LeBron James landed a bombshell on the basketball universe Friday.
Oh yeah, there’s the whole “going back to Cleveland” thing, which is nice for the Cavaliers and their fans. But there’s also this: He’s not perfect.
As much as the announcement that James is returning to his home-state team, the essay he wrote cooperatively with Sports Illustrated’s Lee Jenkins revealed a contrite LeBron admitting some mistakes he made and his attempts to correct them. How sincere he is and whether anything he does now truly can repair the damage of 2010 obviously is up for debate, and such a debate is unlikely to sway opinion on either side.
Ultimately, those who root for James will continue to root for him. Those who root against him will continue to root against him, with a few converts.
In the spirit of parsing James’ every word and action — which has become the NBA’s most popular parlor game over the last few years — we pored over James’ letter on SI.com and offered our analysis of a few noteworthy lines.
“My relationship with Northeast Ohio is bigger than basketball. I didn’t realize that four years ago. I do now.”
Maybe James understands how “The Decision” was perceived, or maybe Jenkins just made it very clear that it was important how James opened this announcement. For the public to buy it, for there to be any chance of redemption and re-acceptance in Cleveland, James essentially had to come to the city’s fans, hat in hand. He had to make clear this was about Cleveland, not the Cavaliers. About coming home. The tone had to be right. It was.
“If I had to do it all over again, I’d obviously do thing differently, but I’d still have left. Miami, for me, has been almost like college for other kids. These past four years helped raise me into who I am.”
There’s no use seeking forgiveness from one city while dissing another. A lot of folks in Miami surely will be displeased, right after they pull their Lakers and Bulls jerseys back out of their closets, but if James had to do it all over again, he’d still give the Heat two championships. That’s not a bad gesture for leaving a team at the altar.
“I went to Miami because of (Dwyane Wade) and (Chris Bosh). We made sacrifices to keep (Udonis Haslem). I loved becoming a big bro to (Mario Chalmers). I believe we could do something magical if we came together. And that’s exactly what we did!”
This is the first passage that really raises an eyebrow. He believed they could do something magical if they made sacrifices to stay together? That’s sort of the exact opposite of what he’s doing by leaving, isn’t it? Again, James is under no obligation to be logical or consistent, but he expresses admiration for what he and his teammates “built” in Miami, just as he takes a wrecking ball to it.
“I’m not having a press conference or a party.”
No, just a front-page essay on a major sports news site and toying with a city’s emotions for close to 24 hours.
“My goal is still to win as many titles as possible, no question. But what’s most important for me is bringing one trophy back to Northeast Ohio.”
Boom. Well-stated, concise and even a bit noble, James declares his reasoning for returning to Cleveland. Whether one buys his reasoning is a different matter, but it’s tough to argue with. Also, he shows his maturity by wisely backing off the infamous “not one, not two …” statement from 2010, and merely promising to start with one title. He later clarifies: “I’m not promising a championship. I know how hard that is to deliver.”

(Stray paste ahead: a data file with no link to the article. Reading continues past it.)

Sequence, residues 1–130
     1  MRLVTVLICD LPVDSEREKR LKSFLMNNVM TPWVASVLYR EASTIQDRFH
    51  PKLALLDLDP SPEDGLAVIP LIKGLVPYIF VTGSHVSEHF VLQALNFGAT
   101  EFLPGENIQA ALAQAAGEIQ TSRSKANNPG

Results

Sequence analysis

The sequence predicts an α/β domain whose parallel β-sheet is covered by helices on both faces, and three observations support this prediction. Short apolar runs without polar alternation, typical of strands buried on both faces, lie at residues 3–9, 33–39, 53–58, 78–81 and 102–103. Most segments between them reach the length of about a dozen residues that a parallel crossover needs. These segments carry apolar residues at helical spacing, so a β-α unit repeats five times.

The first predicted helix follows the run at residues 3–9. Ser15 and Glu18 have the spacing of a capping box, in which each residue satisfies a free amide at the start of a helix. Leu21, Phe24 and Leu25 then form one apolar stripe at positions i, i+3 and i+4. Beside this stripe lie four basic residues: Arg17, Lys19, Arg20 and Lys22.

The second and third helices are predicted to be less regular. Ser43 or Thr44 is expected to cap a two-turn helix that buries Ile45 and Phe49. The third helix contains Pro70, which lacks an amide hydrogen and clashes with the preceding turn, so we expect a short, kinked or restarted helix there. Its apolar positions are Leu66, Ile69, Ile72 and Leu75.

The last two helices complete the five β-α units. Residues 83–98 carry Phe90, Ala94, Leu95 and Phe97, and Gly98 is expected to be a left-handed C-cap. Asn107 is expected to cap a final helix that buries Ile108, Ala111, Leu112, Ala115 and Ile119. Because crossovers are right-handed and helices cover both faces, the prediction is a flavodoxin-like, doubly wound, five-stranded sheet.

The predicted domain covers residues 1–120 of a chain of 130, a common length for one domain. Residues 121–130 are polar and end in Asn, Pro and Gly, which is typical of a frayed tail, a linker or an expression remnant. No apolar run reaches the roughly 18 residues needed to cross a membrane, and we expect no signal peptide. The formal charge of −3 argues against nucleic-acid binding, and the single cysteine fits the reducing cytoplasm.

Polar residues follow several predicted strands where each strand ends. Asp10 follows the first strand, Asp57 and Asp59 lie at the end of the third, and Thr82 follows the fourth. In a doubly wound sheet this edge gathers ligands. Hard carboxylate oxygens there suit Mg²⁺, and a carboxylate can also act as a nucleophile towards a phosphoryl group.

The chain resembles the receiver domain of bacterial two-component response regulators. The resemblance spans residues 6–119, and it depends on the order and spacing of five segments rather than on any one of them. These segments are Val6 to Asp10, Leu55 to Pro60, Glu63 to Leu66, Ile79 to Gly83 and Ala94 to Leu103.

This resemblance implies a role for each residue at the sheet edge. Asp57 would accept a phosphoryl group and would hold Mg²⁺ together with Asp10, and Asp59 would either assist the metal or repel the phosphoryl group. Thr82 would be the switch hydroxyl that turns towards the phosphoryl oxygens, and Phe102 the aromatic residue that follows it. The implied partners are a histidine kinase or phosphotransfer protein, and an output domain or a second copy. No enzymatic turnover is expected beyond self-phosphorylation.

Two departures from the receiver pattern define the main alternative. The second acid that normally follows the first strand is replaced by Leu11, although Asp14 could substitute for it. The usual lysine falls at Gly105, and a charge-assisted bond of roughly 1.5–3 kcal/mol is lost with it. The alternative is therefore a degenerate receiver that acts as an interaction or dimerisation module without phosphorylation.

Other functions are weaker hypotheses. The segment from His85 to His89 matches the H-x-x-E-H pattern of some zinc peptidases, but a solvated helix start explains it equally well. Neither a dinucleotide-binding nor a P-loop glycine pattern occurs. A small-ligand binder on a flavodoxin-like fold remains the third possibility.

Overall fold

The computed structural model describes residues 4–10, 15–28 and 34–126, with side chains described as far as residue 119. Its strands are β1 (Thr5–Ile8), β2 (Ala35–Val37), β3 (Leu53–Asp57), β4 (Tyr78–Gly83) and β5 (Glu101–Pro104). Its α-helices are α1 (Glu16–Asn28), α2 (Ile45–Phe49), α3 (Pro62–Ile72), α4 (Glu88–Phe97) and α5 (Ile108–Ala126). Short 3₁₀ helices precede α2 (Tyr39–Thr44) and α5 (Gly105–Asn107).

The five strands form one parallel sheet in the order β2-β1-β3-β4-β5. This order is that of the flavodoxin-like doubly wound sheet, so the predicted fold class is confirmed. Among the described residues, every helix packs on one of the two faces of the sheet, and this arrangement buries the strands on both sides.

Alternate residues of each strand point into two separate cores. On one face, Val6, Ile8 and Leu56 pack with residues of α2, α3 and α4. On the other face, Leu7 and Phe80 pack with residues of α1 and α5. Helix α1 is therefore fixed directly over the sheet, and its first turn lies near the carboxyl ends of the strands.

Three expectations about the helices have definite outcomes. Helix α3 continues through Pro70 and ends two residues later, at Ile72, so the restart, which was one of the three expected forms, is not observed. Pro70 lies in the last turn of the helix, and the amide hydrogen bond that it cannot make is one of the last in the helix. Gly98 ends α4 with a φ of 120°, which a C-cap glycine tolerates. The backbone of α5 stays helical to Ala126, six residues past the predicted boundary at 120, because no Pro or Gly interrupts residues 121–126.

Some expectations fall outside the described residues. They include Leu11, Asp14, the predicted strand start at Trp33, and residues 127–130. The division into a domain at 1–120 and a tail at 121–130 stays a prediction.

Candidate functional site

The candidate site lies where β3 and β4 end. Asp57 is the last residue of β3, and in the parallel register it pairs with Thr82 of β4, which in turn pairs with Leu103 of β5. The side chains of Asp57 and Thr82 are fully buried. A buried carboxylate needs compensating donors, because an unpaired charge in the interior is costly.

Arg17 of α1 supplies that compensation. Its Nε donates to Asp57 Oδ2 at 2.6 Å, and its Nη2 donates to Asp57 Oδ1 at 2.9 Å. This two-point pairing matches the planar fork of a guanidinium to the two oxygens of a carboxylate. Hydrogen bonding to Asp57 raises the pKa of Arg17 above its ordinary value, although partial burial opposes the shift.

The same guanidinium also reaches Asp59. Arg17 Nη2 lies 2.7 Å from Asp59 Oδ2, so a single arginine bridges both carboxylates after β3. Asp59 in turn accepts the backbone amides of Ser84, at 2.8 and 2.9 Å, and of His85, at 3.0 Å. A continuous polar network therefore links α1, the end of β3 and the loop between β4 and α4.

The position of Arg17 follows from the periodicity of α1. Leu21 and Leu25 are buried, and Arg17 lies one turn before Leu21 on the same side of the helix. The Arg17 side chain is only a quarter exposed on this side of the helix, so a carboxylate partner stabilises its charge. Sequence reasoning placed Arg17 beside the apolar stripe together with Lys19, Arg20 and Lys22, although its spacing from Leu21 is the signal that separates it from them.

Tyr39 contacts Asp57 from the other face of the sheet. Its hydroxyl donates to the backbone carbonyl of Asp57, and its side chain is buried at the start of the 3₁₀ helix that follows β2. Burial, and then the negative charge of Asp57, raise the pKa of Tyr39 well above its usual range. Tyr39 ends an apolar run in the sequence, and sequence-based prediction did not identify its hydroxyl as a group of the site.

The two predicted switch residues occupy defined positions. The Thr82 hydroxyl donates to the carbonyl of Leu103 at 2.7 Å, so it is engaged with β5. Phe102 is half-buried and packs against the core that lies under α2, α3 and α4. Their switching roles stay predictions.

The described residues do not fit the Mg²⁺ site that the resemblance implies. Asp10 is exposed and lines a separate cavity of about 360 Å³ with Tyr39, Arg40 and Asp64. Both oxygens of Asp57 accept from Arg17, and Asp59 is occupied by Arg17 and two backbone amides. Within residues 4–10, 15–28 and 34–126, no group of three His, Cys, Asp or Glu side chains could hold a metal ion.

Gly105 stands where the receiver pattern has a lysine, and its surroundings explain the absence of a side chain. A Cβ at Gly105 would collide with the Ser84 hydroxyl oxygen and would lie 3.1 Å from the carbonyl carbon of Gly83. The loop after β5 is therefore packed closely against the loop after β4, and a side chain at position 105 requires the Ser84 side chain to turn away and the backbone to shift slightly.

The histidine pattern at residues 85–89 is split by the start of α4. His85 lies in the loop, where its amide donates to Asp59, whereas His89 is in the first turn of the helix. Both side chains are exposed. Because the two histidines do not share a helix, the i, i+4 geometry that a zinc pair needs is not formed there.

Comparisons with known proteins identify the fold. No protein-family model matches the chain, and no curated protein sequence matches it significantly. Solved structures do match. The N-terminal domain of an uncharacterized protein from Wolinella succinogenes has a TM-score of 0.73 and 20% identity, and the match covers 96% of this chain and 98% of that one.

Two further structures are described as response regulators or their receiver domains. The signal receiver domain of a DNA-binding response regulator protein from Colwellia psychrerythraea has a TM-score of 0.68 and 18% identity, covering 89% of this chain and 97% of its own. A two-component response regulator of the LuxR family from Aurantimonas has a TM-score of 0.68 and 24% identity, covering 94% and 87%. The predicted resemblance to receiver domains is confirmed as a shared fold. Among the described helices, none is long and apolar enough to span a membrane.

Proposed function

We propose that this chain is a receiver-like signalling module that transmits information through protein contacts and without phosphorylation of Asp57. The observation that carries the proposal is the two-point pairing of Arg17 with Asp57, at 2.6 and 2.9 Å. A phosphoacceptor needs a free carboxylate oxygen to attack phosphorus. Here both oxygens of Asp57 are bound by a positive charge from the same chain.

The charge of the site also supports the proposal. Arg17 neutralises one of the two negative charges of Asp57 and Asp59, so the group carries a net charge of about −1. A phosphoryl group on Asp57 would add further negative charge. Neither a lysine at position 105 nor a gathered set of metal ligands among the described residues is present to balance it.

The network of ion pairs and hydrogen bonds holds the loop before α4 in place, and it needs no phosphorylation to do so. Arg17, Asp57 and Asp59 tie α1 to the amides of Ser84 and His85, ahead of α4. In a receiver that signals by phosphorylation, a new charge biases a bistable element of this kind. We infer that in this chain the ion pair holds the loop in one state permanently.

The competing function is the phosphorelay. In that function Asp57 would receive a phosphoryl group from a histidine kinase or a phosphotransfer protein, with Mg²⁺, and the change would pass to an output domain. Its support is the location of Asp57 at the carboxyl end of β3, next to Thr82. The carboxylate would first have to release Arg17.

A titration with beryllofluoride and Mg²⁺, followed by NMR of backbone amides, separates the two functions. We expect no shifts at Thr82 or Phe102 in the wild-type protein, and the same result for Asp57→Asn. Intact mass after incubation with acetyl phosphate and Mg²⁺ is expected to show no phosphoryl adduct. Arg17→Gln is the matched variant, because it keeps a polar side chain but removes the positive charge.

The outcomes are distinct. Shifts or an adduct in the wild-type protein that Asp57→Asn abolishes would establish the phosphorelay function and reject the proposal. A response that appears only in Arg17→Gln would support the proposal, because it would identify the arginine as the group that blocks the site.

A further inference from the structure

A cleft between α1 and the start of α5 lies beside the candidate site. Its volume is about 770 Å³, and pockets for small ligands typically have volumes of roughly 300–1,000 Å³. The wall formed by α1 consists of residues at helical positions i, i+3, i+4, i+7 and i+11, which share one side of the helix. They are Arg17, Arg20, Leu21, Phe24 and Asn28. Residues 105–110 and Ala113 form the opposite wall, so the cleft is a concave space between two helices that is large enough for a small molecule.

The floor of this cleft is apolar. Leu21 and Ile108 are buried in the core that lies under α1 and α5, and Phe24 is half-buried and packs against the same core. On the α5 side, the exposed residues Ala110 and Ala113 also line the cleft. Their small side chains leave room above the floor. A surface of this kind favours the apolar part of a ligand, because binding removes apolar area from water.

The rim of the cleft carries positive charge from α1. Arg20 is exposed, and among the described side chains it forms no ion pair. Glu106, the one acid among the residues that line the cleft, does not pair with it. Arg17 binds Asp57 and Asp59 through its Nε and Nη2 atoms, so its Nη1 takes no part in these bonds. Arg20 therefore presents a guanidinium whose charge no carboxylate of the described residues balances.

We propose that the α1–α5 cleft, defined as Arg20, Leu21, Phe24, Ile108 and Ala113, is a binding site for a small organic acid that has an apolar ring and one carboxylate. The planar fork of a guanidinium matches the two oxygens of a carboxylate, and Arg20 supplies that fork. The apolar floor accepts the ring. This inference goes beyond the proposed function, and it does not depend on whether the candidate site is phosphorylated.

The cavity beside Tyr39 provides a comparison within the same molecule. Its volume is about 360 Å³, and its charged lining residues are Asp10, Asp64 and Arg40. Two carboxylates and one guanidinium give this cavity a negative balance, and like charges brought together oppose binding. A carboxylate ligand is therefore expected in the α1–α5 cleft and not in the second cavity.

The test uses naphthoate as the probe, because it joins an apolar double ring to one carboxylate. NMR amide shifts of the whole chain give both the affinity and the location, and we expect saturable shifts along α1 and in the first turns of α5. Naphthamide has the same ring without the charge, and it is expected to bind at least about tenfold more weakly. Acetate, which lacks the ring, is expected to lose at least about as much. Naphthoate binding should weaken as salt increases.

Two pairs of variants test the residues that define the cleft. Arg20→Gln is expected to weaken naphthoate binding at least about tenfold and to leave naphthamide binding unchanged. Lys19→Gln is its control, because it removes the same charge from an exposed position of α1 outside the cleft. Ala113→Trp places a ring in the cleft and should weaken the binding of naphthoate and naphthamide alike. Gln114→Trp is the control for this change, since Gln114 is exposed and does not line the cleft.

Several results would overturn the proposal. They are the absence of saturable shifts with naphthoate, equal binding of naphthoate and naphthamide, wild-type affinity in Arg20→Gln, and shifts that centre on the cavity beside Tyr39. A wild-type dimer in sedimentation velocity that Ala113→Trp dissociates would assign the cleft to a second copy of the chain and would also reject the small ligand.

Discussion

“I always believed that I’d return to Cleveland and finish my career there. I just didn’t know when.”
Did the Heat know this? Did the Cavs? All indications pointed to them believing James would be back in Miami, up until the last couple of days. He certainly was not required to keep either team updated on his innermost thoughts and feelings, but if he always intended to go back to Cleveland, he sure did burn a lot of bridges on his way out. Now those bridges are being hurriedly repaired.
“What if I were a kid who looked up to an athlete, and that athlete made me want to do better in my own life, and then he left? How would I react?”
James is criticized for not “getting it,” but this is a pretty self-aware statement from a professional athlete. Many of them don’t get what they mean to fans, young and old, and if they do get it, they don’t care. The fact that James cares — albeit belatedly — should be encouraging to the young fans of Cleveland. Not so much for the young fans of Miami. So it goes.
“We’re not ready (to win a title) right now. No way. Of course, I want to win next year, but I’m realistic. It will be a long process, much longer than it was in 2010. My patience will get tested.”
Well, unless the Cavs trade for Kevin Love.
“This is not about the roster or the organization. I feel my calling here goes above basketball. I have a responsibility to lead, in more ways than one, and I take that very seriously.”
So, Kyrie Irving has nothing to do with Cleveland being a more popular destination now than in 2010, eh? Anyway, fans tend to think of athletes as fully grown, complete adults, but in almost every case, that’s not remotely true. The average NBA career ends well before a player’s 30th birthday. James was 25 when he made “The Decision.” Think about the life choices you made as a 25-year-old. They probably were dumb. (Most of mine were.) They probably weren’t televised, either. “The Decision” was both. James sounds like he realizes that now.
“In Northeast Ohio, nothing is given. Everything is earned. You work for what you have. I’m ready to accept the challenge. I’m coming home.”
You’re on record, LeBron. Now, everyone is going to hold you to it.
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